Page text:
BY GREG STAMPER
Do you leave things to the last minute and then complain when you have no time to do them, or spend money on things you don’t need and then notice your bank account is bone dry once it’s time to pay the bills?
Of course you do, it’s an unwritten code for college students.
Students’ priorities, especially for students living away from home, are for the most part, completely backward.
Instead of buying groceries, paying bills or simply saving their excess money to help pay off student loans, most students spend their money on alcohol, restaurant food and anything else that brings them entertainment in the short term.
“I buy alcohol four times a week, it costs me about $80 to $90,” said first-year fitness and health promotion student Greg Dawkins.
Despite the high costs associated with partying and eating out, most college students are not worried; with ease of use usually outweighing the smart choice.
“It is more convenient and easier (to buy alcohol or restaurant food), you don’t have to do prep work or plan anything,” said first-year office executive student Megan Ziegler.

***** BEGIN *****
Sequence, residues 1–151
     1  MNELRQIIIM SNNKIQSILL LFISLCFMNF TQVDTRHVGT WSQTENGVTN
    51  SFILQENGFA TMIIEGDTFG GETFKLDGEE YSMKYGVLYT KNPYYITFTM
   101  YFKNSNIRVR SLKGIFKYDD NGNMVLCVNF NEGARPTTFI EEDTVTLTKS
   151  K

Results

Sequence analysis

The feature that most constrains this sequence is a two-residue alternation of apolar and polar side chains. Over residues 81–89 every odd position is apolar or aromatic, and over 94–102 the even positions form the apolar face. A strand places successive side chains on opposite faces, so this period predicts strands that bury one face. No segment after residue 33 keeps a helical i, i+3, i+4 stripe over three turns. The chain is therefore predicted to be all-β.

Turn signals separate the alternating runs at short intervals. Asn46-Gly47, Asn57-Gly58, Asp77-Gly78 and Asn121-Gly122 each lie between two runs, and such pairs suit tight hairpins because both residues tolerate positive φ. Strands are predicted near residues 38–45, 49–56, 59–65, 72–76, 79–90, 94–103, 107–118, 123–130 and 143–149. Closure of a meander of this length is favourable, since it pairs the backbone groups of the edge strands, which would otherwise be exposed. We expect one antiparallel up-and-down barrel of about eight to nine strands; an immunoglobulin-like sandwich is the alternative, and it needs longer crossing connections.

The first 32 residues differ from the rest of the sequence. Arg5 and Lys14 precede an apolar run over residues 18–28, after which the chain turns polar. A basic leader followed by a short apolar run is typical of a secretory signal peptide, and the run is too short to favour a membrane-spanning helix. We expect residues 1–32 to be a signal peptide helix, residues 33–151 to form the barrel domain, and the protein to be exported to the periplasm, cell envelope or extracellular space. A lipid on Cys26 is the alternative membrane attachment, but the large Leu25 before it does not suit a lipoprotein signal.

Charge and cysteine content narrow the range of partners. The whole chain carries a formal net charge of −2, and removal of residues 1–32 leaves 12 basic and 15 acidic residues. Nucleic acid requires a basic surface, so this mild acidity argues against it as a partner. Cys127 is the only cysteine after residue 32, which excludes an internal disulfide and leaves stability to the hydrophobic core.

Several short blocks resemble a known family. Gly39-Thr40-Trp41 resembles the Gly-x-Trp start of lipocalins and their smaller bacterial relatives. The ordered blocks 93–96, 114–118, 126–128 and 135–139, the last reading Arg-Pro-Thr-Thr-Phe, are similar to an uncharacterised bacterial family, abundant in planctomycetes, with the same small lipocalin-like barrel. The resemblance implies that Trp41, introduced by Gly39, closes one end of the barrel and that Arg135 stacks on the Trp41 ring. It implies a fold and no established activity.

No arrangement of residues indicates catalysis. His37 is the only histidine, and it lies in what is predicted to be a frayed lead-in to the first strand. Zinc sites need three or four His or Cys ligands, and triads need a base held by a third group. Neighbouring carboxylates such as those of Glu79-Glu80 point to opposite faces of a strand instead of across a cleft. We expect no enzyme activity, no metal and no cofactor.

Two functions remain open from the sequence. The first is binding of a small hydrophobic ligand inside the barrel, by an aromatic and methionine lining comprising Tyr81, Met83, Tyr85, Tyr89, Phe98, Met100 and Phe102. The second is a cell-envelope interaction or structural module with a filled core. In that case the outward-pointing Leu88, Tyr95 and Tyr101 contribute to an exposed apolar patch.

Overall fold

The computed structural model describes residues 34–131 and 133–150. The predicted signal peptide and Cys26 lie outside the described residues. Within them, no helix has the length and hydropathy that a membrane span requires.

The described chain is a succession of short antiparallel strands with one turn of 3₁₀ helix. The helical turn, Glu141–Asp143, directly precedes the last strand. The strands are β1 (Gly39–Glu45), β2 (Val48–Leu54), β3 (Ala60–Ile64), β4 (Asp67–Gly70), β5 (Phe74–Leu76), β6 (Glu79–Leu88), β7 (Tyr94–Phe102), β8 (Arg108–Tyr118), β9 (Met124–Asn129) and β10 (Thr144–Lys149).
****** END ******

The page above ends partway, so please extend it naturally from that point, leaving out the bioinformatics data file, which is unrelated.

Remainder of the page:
With the number of choices life presents to students on a daily basis, it is easy to be tempted to do the wrong thing; however, as students progress through school and get used to living away from home, priorities do start to improve.
“Education is above fun and friends for me, it is my second time around (in school), but it was not my priority the first time,” Ziegler said.
Not all students are as eager to spend as some of their schoolmates either. First-year health science foundations student Jenn Woods admits to going out for sushi “a lot,” but also keeps a certain level-headedness that younger students should think about.
“It is important to stay focused and get an education, (however) it is also good to be social and interact with people.”
Don’t fret, college students, you will grow out of this mindset at some point and start to see your bank account steady itself, hopefully.
In the meantime start thinking about the right choices, and enjoy the free spending while you can.
BY GREG STAMPER